The odyssey began on Sunday, and I, the characteristically clueless heroine of this story, had no idea what lay in wait. Then again, I have a slight suspicion that no odyssey ever went according to plan, or it would be called a Japanese train schedule.
It was on Sunday morning therefore that I said no to a cuppa of coffee and had wine instead, because it was Sunday morning and I could do whatever the hell I liked. Later, stuck in the limbo of Ferihegy aiport, I had a double espresso at Costa, sipping the suspicious brown liquid with the face of a martyr (particularly as my fingers were getting scalded by the tiny paper receptacle)- little did I know that it would be exponentially the best cup of coffee I’d have for an entire week. Later, cruising over Europe aboard an Air France aircraft I yet again considered another coffee, but ultimately decided against it, since onboard hot drinks stand very little chance of being gourmet specialties.
Fast forward to Monday- and the direness of my situation suddenly came to full light. There are many, many amazing things about France, but coffee is not one of them. Regular French coffee is a liquid of indeterminate colour and taste, which might or might not be the end product obtained by brewing beans of Coffea arabica and/or robusta- in our situation, it really doesn’t matter anymore. I had harboured a faint hope of being able to make it to a specialty coffee shop- surely Paris must have some.
And it does, but compared to coffee heavens such as London, Berlin or yes, our dusty but beloved Budapest, they are few and far in between, and invariably open earliest at 8AM- but more than often at 10. It’s probably assumed that the French, after spending a long, wine fueled evening on the banks of the Seine, will have no wish whatsoever to leave their beds at ungodly hours, and when they do, will spend a good amount of time deciding which designer shoe to wear and will thus need to be caffeinated only later during the day.
This scenario is however brutally contradicted by the crowds rushing to the early morning commuter trains at St Lazaire station- among them, me, uncaffeinated, with bad hair and of bad disposition as a result, getting worse with each day that passed. The natural consequence of this dramatic situation was that I ventured into the unthinkable and drank coffee from the office machine- and here I basically ran out of all invectives I could use to describe the hemlock which was my daily sustenance for the better part of a week.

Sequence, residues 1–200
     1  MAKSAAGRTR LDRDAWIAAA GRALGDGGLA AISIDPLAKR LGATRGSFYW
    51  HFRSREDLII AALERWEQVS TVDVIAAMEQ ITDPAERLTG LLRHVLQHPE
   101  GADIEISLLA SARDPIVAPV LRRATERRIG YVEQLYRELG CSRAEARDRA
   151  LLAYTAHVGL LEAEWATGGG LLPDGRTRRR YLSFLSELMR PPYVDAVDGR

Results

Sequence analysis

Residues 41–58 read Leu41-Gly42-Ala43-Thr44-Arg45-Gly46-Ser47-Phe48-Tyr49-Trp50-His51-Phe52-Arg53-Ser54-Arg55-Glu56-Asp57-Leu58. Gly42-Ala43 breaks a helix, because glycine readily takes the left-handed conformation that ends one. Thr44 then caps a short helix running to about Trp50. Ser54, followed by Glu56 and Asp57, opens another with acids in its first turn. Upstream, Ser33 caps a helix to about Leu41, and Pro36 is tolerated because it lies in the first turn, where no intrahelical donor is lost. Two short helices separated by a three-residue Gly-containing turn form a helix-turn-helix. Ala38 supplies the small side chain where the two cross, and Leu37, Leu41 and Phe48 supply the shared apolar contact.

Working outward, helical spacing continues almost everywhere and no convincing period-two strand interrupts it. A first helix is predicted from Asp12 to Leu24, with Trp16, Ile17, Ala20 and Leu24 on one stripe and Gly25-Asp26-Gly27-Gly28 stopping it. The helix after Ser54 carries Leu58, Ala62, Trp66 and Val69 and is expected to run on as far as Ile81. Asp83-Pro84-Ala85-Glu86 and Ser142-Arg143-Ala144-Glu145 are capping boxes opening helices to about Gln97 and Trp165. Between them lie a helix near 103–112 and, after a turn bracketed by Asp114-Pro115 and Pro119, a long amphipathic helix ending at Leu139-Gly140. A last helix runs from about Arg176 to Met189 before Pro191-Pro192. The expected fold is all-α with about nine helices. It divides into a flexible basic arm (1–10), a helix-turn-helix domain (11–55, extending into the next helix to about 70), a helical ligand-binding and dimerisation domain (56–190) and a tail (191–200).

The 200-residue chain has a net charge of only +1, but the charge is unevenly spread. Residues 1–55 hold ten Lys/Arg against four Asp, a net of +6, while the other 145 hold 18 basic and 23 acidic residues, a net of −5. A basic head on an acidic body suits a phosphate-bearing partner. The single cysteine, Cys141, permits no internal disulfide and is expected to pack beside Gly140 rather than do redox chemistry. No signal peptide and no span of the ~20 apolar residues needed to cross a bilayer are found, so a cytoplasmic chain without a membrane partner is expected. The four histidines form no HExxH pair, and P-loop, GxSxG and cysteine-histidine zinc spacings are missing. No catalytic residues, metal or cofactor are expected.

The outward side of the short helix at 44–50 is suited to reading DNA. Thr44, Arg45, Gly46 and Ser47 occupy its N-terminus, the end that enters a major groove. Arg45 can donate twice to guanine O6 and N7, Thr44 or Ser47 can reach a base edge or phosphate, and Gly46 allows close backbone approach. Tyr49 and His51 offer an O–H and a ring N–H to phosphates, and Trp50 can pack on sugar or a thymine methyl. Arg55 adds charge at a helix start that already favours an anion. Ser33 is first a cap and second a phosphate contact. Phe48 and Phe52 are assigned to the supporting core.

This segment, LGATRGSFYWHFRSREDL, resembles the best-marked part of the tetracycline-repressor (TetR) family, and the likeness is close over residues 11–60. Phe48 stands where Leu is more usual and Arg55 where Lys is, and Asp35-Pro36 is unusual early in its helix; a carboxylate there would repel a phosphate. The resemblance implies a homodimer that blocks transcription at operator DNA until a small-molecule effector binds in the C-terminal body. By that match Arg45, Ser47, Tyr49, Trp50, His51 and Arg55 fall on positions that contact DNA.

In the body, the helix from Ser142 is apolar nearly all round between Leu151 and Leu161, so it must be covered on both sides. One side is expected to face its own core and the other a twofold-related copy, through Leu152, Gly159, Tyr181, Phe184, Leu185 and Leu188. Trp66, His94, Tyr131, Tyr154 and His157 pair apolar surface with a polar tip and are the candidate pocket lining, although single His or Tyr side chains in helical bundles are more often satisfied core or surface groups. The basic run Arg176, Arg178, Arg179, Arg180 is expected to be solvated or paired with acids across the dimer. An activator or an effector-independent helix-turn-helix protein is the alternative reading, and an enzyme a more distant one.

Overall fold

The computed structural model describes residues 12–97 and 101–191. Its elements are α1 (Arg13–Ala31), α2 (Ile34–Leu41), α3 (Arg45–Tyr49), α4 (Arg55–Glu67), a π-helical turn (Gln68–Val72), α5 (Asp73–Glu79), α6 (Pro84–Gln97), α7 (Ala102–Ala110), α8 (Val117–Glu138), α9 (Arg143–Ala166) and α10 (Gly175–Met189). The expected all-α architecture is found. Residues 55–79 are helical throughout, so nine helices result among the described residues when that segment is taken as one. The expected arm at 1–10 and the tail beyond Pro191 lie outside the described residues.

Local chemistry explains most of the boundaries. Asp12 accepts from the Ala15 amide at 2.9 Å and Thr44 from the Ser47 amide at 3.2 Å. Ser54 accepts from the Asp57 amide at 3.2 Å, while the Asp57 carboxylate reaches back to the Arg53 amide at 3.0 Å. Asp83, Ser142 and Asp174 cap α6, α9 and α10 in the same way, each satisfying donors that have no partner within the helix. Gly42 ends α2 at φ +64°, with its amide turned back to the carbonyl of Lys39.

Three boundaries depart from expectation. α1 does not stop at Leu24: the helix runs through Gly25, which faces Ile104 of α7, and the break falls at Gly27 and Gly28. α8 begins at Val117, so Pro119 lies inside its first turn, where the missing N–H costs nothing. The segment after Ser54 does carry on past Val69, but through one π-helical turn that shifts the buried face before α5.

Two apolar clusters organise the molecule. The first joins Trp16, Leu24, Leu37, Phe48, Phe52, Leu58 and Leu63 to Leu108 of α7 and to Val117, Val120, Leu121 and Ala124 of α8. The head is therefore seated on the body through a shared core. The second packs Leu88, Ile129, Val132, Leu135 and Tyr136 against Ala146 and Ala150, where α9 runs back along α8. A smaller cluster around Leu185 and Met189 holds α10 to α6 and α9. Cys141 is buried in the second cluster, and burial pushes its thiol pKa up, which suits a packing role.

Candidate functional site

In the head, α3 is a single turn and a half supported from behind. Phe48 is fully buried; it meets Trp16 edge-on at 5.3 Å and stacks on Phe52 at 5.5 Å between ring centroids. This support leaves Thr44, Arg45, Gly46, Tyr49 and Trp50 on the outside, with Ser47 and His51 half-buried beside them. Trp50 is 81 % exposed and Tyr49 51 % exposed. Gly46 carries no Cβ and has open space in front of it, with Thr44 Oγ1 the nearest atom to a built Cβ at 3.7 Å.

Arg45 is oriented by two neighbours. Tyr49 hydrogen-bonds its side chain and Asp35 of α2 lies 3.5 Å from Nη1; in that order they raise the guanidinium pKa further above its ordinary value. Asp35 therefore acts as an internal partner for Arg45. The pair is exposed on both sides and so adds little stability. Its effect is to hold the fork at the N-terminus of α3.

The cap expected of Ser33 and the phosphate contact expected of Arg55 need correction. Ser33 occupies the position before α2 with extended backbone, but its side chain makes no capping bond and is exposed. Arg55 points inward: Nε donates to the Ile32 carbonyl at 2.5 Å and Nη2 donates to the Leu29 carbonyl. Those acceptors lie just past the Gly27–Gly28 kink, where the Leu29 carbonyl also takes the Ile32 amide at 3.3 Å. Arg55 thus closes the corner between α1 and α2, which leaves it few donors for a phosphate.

So, on Saturday morning, hugging my phone and its Google maps recommendations for comfort, I set out to the Montmartre location which was supposed to be the home of a third wave coffee shop. Upon arrival, I felt a whole world crumble inside me when there was no sign of Cuillier on Yvonne Le Tac street. Luckily, it was just the lack of caffeine getting the better of me- there is some scaffolding obscuring its doors, but the place is there alright, and welcomes you with the divine and unmistakable smell of good coffee.
I retroactively apologize to the barista who was confronted with the exalted grin of a total lunatic asking for a flat white with a shaky voice and one of those dodgy Eastern European accents which unfortunately still haunts my French. And they had it, and it was excellent, and I felt every drop of it envelop me in perfect and undisturbed happiness, so much so that I hardly noticed that my almond cake was also sublime. Most of the crowd was decidedly foreign- besides one girl conscientiously taking notes about an Aragon novel, everyone else sounded either American or British, plus the occasional indeterminate tourist lot. I must therefore conclude that the reason why there are very few such coffee shops in Paris is that there is no real need from the locals to have them- I thus assume, with horror, that they enjoy their transparent liquid of doom. Which should come as no surprise in a country where Heineken seems to be the most popular commercial beer. (Really, guys, even Kronenbourg is better than that, and you get a chance to be patriotic too.)
Should you however feel that you want more out of life, Cuillier is a good place to start- there are several outposts around the city, and this one in Montmartre is very close to the Abbesses metro station. Besides the coffee, they also serve pastries- as already mentioned, of the excellent variety, on my second visit, tempted as I was by a repeat of the almond cake, I went for the very fragrant madeleines and a cheese and ham croissant which kept me well-nourished for the entire morning and also put a satisfied and well caffeinated smile on my face for the rest of the day. And my hair felt much better too.
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